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Liveblogging World War II: November 26, 1942

Roy Lower: Luftwaffe Tactical Operations at Stalingrad:

Wild rumors were the least cf Generalleutnant Fiebig's problems at Oblivskaya. Between 22 and 24 November Soviet tank columns spearheading the Russian drive to encircle the Sixth Army had already covered over 50 miles. Behind them came seven Soviet Rifle Armies and nearly 60 divisions pouring through the gaping holes created by the first echelon on either side of Stalingrad. On the night of 23 November the converging Soviet columns linked up to capture the vital bridgehead at Kalach. With the trap closed, Russian attention now shifted to the exposed airfield at Oblivskaya.

Again, Fiebig was well served by one of his subordinates. As sometimes happens in dire situations, one man's iron will can galvanize lesser men and thereby accomplish seemingly impossible tasks. Oberst Reiner Stahel possessed such a will. A Luftwaffe Flak artillery officer, Stahel dragooned Rumanian and German stragglers, drafted cooks, railroad guards and construction companies to form a 5000-man force. By 22 November this force was in place, but it had a 50-kilometer front to protect. Almost immediately it came under attack by 6-8 Russian divisions. During the ensuing days it suffered 10 percent losses weekly and sometimes 50 percent losses at points of heaviest fighting. The Stahel detachment was supported in these operations by nearly every type aircraft assigned to Fliegerkorps VIII.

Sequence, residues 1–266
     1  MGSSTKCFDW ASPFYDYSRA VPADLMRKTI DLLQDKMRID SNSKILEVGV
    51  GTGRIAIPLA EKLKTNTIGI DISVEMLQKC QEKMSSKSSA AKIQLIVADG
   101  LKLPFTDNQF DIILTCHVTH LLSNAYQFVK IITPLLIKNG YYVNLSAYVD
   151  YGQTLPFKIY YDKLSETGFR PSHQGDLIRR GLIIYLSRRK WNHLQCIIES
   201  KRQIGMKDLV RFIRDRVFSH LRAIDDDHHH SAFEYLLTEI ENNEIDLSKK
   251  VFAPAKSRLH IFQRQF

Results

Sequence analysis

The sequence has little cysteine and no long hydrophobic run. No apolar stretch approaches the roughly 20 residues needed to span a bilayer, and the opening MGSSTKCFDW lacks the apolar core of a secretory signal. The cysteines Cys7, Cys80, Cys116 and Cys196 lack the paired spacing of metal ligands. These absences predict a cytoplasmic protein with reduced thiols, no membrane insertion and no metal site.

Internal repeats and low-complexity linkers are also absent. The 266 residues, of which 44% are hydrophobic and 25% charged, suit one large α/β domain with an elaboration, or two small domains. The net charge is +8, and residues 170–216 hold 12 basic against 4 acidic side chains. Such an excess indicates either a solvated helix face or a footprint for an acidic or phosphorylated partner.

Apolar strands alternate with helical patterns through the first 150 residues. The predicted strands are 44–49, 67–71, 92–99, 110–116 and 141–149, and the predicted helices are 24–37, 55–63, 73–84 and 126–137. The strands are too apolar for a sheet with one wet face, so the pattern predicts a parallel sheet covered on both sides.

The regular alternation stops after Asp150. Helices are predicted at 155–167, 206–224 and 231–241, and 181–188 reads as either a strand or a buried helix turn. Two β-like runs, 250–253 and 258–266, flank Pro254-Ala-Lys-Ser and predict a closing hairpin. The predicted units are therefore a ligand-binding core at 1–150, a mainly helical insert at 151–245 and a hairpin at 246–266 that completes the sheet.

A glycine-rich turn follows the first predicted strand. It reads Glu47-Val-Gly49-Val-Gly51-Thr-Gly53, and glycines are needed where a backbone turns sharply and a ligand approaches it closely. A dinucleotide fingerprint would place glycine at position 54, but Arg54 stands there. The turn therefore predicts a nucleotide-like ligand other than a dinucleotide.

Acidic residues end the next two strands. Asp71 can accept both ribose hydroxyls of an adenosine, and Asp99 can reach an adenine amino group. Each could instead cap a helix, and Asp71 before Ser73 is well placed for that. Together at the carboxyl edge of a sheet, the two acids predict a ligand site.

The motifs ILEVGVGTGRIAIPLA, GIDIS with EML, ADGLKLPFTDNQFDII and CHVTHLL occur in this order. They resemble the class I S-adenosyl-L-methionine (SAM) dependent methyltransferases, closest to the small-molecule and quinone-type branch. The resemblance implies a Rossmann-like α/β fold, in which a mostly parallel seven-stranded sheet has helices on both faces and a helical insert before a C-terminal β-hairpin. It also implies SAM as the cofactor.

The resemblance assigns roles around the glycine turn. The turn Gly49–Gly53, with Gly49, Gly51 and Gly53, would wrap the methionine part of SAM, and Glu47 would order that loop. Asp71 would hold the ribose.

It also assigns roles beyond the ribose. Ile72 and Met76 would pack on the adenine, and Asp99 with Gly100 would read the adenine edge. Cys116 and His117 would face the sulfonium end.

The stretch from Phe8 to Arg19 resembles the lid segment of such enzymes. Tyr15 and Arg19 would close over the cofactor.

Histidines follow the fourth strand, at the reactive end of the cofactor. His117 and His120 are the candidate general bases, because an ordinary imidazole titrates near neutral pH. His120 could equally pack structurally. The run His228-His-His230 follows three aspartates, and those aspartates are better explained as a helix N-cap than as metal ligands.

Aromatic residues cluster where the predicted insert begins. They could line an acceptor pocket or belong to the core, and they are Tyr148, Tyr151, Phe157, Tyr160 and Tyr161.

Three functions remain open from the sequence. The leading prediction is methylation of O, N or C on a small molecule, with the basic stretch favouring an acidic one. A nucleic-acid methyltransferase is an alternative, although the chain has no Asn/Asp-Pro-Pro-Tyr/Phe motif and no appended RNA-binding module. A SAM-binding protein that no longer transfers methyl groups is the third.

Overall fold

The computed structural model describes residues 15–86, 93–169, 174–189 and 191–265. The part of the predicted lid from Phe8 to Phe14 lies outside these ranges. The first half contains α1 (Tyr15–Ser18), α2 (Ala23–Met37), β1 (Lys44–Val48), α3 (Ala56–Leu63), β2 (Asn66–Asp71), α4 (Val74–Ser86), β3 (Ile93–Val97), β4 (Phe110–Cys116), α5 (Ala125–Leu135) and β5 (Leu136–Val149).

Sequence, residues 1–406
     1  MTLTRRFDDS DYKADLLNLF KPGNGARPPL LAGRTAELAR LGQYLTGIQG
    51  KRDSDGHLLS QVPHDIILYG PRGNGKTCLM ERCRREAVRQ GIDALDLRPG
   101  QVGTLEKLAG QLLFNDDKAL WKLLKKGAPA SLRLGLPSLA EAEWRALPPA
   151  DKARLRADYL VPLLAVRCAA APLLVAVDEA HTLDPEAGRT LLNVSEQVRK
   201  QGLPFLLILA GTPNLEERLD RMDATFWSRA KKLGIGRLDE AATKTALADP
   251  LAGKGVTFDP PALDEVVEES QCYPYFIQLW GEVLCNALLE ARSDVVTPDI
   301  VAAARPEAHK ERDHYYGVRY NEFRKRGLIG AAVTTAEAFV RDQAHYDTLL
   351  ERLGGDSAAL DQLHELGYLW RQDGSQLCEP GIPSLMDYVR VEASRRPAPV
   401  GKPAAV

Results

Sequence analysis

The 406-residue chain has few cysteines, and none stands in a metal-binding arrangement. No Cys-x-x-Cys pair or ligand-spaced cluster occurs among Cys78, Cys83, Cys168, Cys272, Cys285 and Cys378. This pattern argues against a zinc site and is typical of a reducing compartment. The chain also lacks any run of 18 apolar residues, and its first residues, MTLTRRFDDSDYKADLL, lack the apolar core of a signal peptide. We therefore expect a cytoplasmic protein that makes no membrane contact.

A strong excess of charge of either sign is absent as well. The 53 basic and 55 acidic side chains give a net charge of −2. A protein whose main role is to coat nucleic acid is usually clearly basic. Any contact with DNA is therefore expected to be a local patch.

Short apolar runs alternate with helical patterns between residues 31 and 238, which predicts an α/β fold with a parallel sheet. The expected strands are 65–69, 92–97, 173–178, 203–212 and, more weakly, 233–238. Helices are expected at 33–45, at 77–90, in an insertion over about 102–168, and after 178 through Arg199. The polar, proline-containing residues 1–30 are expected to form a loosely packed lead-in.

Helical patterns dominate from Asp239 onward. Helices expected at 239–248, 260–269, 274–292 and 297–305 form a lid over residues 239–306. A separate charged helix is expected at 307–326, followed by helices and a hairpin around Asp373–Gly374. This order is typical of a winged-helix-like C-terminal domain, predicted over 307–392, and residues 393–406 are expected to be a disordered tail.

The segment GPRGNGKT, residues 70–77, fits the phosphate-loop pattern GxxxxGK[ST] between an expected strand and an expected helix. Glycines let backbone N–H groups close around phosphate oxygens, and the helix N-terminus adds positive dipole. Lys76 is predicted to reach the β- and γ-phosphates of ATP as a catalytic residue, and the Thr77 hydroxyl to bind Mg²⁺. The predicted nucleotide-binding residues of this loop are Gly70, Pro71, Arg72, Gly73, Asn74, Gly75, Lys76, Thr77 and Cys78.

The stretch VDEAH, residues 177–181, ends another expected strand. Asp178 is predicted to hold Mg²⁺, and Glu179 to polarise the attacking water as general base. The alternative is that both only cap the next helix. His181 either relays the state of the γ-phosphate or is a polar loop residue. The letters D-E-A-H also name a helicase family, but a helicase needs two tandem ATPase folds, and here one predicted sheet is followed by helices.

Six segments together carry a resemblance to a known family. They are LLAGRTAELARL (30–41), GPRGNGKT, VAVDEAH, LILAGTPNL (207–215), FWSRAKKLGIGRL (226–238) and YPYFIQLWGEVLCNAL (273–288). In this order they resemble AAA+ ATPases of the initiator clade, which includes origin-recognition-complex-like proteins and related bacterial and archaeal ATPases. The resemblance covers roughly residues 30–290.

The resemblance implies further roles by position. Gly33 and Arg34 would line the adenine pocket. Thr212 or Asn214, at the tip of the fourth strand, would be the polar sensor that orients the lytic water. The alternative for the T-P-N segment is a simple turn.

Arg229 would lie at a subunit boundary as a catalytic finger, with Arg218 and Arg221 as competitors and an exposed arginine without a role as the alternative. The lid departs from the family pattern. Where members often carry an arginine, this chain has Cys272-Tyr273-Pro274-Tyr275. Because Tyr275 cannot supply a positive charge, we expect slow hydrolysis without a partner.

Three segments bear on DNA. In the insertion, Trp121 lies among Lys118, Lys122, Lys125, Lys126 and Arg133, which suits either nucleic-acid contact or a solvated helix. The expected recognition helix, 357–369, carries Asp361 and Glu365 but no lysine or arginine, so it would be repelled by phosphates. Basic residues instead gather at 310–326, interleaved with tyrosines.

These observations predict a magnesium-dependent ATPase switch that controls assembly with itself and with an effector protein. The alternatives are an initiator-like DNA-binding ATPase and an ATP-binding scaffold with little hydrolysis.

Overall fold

On 25/26 November attack aircraft from Oblivskaya flew mission after mission to thwart the Soviet advance. Anti-tank Hs-129s and prewar He-123 biplanes of Schacht Gruppe 1 and JU-87 Ds from StG 2 attacked with a fury born of desperation.... One morning there is musketry fire on the far side of the aerodrome... The met. [meteorological] Flier gives the alert by firing a succession of red Vereys. I immediately take off with the squadron and close to the airfield I see horses, their dismounted riders beside them, all Ivans. To the North an incalculable army of horses, men and material. I climb, knowing the conditions of our defenses and wanting to make preliminary survey of the general situation. It does not take me long: a Russian cavalry division advancing and there is nobody to stop them.... Their main force is two to three miles distant from our airfield... no ground forces in this area; the direst emergency.... Without intermission we take off and land; we are all in feverish haste. Unless we can wipe them all out before dusk our airfield will be threatened by nightfall....In the evening, I fly my seventeenth sortie the day and we take a good look at the battlefield. It is quiet, everything is wiped out...